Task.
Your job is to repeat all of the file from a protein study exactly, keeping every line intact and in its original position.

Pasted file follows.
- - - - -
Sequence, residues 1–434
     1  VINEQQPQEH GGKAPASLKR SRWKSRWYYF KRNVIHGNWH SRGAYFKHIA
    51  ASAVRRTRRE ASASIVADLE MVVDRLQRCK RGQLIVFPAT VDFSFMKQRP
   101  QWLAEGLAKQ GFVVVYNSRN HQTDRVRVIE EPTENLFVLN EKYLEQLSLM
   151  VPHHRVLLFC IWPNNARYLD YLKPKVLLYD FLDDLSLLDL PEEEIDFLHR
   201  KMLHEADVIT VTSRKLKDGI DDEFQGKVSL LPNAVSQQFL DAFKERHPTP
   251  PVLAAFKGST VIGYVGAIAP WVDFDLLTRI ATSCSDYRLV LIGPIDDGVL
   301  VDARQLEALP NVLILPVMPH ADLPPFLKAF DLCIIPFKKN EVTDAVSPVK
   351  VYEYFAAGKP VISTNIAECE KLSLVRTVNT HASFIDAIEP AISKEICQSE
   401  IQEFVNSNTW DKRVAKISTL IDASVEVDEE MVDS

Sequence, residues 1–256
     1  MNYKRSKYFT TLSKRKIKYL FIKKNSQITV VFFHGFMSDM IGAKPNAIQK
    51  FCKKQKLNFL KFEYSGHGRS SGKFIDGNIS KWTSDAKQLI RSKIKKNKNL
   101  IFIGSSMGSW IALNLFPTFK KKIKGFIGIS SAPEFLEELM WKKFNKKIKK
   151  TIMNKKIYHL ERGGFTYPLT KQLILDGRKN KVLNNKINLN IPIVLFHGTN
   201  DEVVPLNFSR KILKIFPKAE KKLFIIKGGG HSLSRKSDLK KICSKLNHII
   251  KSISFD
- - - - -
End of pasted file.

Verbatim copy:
Sequence, residues 1–434
     1  VINEQQPQEH GGKAPASLKR SRWKSRWYYF KRNVIHGNWH SRGAYFKHIA
    51  ASAVRRTRRE ASASIVADLE MVVDRLQRCK RGQLIVFPAT VDFSFMKQRP
   101  QWLAEGLAKQ GFVVVYNSRN HQTDRVRVIE EPTENLFVLN EKYLEQLSLM
   151  VPHHRVLLFC IWPNNARYLD YLKPKVLLYD FLDDLSLLDL PEEEIDFLHR
   201  KMLHEADVIT VTSRKLKDGI DDEFQGKVSL LPNAVSQQFL DAFKERHPTP
   251  PVLAAFKGST VIGYVGAIAP WVDFDLLTRI ATSCSDYRLV LIGPIDDGVL
   301  VDARQLEALP NVLILPVMPH ADLPPFLKAF DLCIIPFKKN EVTDAVSPVK
   351  VYEYFAAGKP VISTNIAECE KLSLVRTVNT HASFIDAIEP AISKEICQSE
   401  IQEFVNSNTW DKRVAKISTL IDASVEVDEE MVDS

Sequence, residues 1–256
     1  MNYKRSKYFT TLSKRKIKYL FIKKNSQITV VFFHGFMSDM IGAKPNAIQK
    51  FCKKQKLNFL KFEYSGHGRS SGKFIDGNIS KWTSDAKQLI RSKIKKNKNL
   101  IFIGSSMGSW IALNLFPTFK KKIKGFIGIS SAPEFLEELM WKKFNKKIKK
   151  TIMNKKIYHL ERGGFTYPLT KQLILDGRKN KVLNNKINLN IPIVLFHGTN
   201  DEVVPLNFSR KILKIFPKAE KKLFIIKGGG HSLSRKSDLK KICSKLNHII
   251  KSISFD